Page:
If the 3-seat cap will be imposed on the LR Method based on the latest Party-list Tally (No. 29), the allocation is reduced to 44 seats.



DJB Rizalist said...

"Section 12 of the same Law also said that party-list representatives are allocated "proportionately according
to the percentage of votes obtained by each party, organization, or coalition as against the total
nationwide votes cast for the party-list system."

So why do you calculate the number of seats based on the proportion of the party list votes with respect to the First Party and not the grand total?

In fact there is nowhere in the calculations of Panganiban or yours where the "the percentage of votes obtained by each party, organization, or coalition as against the total
nationwide votes cast for the party-list system." is taken explicitly into account and used for something.

That of course is the reason why you would get the same result whether the total votes are 1, 10, 1000, 10,000, 10^6 or 30 million as long as the partylists get the same relative percentages.

It is immaterial that one vote is highly unlikely, the criticism is about the gross violation of proportionality exactly as you define it and in Section 12 of the law.

But without necessarily agreeing with me in toto, do you agree that in fact there is something wrong with that?

I suspect that if you merely introduced this new parameter of total number of seats based on percentage of votes relative to the total, our algorithms would come up with the same answer!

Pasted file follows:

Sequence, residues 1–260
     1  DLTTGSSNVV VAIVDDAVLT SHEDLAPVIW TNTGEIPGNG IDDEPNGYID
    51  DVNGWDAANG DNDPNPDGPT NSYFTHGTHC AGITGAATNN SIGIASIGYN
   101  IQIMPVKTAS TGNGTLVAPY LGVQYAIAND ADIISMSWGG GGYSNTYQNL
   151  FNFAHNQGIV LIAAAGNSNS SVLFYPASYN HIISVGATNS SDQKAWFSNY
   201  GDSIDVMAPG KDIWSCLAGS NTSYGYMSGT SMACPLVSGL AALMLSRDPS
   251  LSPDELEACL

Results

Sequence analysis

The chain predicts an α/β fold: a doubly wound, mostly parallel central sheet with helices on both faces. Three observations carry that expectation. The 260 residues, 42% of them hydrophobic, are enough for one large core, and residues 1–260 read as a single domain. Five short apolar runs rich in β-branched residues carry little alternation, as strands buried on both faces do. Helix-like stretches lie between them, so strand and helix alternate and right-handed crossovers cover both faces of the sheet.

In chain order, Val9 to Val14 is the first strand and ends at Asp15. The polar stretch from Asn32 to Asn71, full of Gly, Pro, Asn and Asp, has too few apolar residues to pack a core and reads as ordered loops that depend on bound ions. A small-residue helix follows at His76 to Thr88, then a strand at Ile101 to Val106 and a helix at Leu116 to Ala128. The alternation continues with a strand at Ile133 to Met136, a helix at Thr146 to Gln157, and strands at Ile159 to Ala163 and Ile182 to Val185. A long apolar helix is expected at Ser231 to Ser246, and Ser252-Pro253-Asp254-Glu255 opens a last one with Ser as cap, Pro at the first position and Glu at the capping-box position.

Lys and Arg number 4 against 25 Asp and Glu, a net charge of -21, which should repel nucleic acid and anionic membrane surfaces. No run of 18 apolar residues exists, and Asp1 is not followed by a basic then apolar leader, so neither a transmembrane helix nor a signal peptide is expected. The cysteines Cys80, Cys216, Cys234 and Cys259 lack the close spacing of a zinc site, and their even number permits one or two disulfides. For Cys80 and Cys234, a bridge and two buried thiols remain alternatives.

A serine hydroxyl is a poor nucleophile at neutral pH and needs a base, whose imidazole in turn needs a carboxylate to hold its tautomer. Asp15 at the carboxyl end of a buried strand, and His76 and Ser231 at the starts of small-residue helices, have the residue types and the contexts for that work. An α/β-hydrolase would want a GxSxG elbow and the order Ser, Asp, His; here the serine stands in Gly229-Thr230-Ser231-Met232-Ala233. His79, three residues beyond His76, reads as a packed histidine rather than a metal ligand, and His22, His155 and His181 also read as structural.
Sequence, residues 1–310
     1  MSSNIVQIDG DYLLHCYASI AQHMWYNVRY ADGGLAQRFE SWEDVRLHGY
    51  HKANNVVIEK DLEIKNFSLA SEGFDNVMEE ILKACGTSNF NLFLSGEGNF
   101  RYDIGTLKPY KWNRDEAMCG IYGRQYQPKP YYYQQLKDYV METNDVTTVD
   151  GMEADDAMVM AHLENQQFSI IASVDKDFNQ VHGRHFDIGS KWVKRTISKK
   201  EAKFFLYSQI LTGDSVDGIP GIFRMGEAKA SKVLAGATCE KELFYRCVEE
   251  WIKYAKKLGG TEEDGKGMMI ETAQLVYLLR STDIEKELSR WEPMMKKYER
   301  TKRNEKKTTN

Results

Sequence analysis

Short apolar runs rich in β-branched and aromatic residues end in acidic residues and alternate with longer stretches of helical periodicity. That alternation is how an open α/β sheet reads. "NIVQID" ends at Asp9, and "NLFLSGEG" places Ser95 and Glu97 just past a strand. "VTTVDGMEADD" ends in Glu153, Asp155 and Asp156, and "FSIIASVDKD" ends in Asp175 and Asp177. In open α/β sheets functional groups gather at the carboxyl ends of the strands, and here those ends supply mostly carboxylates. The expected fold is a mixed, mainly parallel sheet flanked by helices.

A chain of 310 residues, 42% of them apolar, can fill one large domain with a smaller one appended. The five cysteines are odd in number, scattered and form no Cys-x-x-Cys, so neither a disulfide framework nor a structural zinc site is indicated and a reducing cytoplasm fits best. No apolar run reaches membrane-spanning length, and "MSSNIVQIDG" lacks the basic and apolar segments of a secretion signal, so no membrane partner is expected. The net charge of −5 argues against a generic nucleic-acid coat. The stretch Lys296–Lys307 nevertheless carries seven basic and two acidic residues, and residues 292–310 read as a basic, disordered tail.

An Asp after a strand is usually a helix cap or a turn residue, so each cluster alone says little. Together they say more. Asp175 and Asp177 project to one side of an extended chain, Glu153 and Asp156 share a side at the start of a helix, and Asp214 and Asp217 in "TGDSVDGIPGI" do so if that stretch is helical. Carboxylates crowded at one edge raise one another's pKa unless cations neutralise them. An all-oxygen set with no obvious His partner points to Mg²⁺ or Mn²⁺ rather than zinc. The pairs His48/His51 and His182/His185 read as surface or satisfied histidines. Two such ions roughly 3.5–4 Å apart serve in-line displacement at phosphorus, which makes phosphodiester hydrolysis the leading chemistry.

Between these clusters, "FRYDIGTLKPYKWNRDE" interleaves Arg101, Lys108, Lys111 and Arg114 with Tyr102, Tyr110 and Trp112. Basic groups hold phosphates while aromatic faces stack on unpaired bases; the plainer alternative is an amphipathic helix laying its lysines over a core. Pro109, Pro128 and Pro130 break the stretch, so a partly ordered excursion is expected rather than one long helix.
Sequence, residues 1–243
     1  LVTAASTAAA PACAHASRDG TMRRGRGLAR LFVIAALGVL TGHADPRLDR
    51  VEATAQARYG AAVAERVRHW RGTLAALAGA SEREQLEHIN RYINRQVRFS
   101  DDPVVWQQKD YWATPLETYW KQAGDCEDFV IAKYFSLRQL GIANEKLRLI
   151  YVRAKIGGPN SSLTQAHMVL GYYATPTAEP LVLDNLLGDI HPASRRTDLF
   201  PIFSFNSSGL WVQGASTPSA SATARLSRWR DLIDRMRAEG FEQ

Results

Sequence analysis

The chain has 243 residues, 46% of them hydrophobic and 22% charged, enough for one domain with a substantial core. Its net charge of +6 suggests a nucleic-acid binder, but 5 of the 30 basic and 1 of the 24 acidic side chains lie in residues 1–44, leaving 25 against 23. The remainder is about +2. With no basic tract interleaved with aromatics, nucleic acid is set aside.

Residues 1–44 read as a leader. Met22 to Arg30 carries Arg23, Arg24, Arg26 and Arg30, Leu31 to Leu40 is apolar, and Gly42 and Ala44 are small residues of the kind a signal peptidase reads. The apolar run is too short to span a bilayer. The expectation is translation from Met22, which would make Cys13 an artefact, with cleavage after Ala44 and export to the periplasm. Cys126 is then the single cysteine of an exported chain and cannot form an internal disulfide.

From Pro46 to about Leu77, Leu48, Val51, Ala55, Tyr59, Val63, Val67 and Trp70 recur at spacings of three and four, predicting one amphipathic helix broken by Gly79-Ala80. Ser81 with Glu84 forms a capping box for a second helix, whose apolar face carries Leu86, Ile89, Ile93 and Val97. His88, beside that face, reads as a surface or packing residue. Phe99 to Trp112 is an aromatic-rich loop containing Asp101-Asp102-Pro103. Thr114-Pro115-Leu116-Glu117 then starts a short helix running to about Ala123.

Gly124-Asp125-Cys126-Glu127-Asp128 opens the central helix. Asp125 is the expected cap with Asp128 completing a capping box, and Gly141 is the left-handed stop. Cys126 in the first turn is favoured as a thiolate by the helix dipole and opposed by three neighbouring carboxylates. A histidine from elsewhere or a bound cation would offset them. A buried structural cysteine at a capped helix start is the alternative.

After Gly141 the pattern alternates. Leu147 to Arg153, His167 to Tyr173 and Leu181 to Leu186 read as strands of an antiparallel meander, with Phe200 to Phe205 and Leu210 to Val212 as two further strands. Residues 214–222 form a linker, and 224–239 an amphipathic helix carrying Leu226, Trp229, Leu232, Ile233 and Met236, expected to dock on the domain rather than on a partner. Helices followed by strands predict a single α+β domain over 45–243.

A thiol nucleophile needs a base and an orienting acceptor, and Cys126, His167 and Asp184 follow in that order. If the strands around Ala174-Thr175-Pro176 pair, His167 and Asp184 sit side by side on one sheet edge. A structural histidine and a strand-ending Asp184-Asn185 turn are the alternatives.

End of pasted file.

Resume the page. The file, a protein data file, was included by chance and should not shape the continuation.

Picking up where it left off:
I'm looking at my procedure for calculating the seats and I can also adopt the largest remainder system, which might increase my allocation, but still have to run the numbers.

BTW, I have some EXCEL files that have simulations and all the numbers in them. We should get do some numerical experiments maybe. The solution space of the 4-parameter problem is very complex and might have some surprisingly good systems hiding in them that even the Courts might agree are better than Panganiban's Formula.

I certainly think the Muga Method would be better than PF!

LEX MUGA said...


Thank you for regarding my proposed method better compared to the Panganiban Formula.

Yes, the PF uses the "proportionality based on the first party" and not on the "proportionality based on all the qualified parties".

This is one argument against the PF.

I am not really comfortable with the 4-INVIOLABLE PARAMETERS because I believe that the system it created is inconsistent. The Supreme Court should not call them the "4 INVIOLABLE PARAMETERS" but "3 INVIOLABLE PARAMETERS PLUS A SECONDARY FOURTH" because the 4th is not really inviolable.

If the legislators insist that it is part of system, then we shall lobby to increase the number to TEN SEATS because that is really the intention of the CONCOM (although in the context of a two-party-system).

Yes, I'm very glad to do some numerical experiments with you. Why don't you post some of your EXCEL files? Maybe we can find the most acceptable APPROXIMATE solution given the 4 parameters.



LEX MUGA said...

Dear DJB,

According to some lawyers, when Congress created additional districts by legislation it's automatic that the number of seats in the lower chamber is changed.

Thus, when it created 8 legislative districts by legislation before the 2007 elections, it is also by law that the number of representatives is increased from

212+53=265 in the 13th congress to 220+55=275 in the 14th congress.